03/13/2018: Guess the publication (6th edition)
Solution: For this weeks’ Guess The Publication we did not only present a single cartoon, but a whole sci-art poster representing the concept, psychological mechanisms and neural basis of emotion regulation as presented in the synthetic review article by Kevin Ochsner, Jennifer Silvers and Jason Buhle (2012). Important to note is, that this model was first proposed in 2002, elaborated on in 2005, further described as depicted here in 2012 and recently extended in a 2017 publication by Laura Braunstein, James Gross and Kevin Ochsner. The latest key features include a further distinction separating the nature of the emotion regulation goal (from implicit to explicit) and the nature of the emotion change process (from automatic to control). Such ongoing adaptations to the model of the cognitive control of emotions are made to reflect the increasing and changing knowledge gained through animal and human research studies.
But what is emotion regulation exactly? Emotion regulation describes the process of changing or controlling an emotion. This can either be an up- or down-regulation of the magnitude or duration of a feeling experienced. In order to understand emotion regulatory processes, it is helpful to first revisit steps included in the generation of an emotional response. In short, these include: a stimulus that is present in a certain context, attention directed at this stimulus, assigning a meaning to the stimulus and translating the stimulus into a bodily or mental representation. And so an emotional response is generated. However, not in all cases is it appropriate to immediately react on the first initial feeling generated. As for example, we may not have considered all the information available. And sometimes the feelings are warranted, but it is nevertheless socially inappropriate to immediately act on them. How well we are able to regulate our own emotions has been linked to personal well-being and the well-being of our surroundings. An inability to apply appropriate emotion regulation strategies has further been linked to psychiatric conditions, including conduct disorder, anxiety disorders or depression.
From a neuroimaging perspective, this review suggests that there is a network of brain areas activated by an emotional stimulus (including the amygdala, insula and ventral striatum), a network of brain regions performing the emotion regulation per se (including dorsomedial-, dorsolateral and ventrolateral prefrontal cortex, dorso-anterior cingulate cortex, posterior PFC and inferior parietal brain regions) and additional brain regions with a more intermediary role (including prefrontal and orbitofrontal cortex, superior/middle temporal gyrus and the temporoparietal junction). Additionally, as mediating pathways the dorsomedial or ventrolateral prefrontal regions are suggested to modulate amygdala reactivity through the ventromedial prefrontal cortex.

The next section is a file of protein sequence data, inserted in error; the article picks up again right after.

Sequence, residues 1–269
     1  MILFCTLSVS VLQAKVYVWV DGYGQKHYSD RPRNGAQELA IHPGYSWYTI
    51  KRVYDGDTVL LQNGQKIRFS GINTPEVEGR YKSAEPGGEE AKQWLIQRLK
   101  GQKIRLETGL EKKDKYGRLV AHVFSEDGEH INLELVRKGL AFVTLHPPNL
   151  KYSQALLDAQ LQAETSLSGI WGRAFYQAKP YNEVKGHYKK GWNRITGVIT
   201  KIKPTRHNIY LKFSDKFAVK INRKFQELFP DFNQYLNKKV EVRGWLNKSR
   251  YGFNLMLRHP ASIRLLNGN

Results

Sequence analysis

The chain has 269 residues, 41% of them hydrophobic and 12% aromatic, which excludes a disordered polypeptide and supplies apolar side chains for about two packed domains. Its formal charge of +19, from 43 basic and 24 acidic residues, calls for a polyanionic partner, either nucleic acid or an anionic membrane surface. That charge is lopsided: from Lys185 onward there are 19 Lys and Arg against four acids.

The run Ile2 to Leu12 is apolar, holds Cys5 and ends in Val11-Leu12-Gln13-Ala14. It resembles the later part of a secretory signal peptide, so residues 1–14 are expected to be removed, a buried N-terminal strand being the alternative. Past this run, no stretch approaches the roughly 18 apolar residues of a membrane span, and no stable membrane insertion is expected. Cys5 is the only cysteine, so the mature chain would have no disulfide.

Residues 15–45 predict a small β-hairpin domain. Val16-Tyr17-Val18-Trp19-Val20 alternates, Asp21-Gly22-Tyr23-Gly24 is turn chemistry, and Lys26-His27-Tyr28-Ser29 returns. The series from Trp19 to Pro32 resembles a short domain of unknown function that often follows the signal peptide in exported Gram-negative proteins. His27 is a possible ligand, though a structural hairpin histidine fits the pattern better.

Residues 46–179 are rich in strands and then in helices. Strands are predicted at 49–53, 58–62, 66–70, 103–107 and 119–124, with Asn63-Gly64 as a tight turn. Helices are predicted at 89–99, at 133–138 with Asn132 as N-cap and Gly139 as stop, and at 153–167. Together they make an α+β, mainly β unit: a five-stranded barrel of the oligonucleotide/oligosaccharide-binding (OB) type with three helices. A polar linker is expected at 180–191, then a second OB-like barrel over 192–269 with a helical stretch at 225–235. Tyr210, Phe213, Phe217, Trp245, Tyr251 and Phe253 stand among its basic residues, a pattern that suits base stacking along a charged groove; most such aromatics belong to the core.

The here reviewed research and the proposed model of the cognitive control of emotions may lay the foundation for studies assessing all dimensions of emotion regulation behaviours in healthy or clinical populations. Disorder-specific patterns of emotion regulation abnormalities as observed in behavioural observations or neuronal assessments may hold the promise to inform about the relevant pathophysiology of mental disorders. Furthermore, they may provide indicators on treatment choice and/or explain treatment success. A current exemplary large-scale study focusing on emotion processing and regulation in psychiatric childhood disorders is FemNAT-CD, a multicentre neuroimaging study aiming to assess the genetic, behavioural and neurobiological markers of female conduct disorder.
Summary & Take Home Message: The here “cartoonized” review paper synthesizes functional imaging research on emotion regulation and proposes a basic model of the psychological mechanisms and neural systems involved. This evolving model of the cognitive control of emotions at all levels may lay the foundation for studies targeting the investigation not only in healthy, but also clinical populations.
Original Publication: Ochsner, K. N., Silvers, J. A., & Buhle, J. T. (2012). Functional imaging studies of emotion regulation: a synthetic review and evolving model of the cognitive control of emotion. Annals of the New York Academy of Sciences, 1251(1).
Fun Fact: At bornascientist.com, we do not only like Zombies – we are also Star Wars fans. For a lay language and fun description of emotion processing, regulation and the brain, read our publication in Frontiers for Young Minds called “Emotions and the brain or how to master the force”.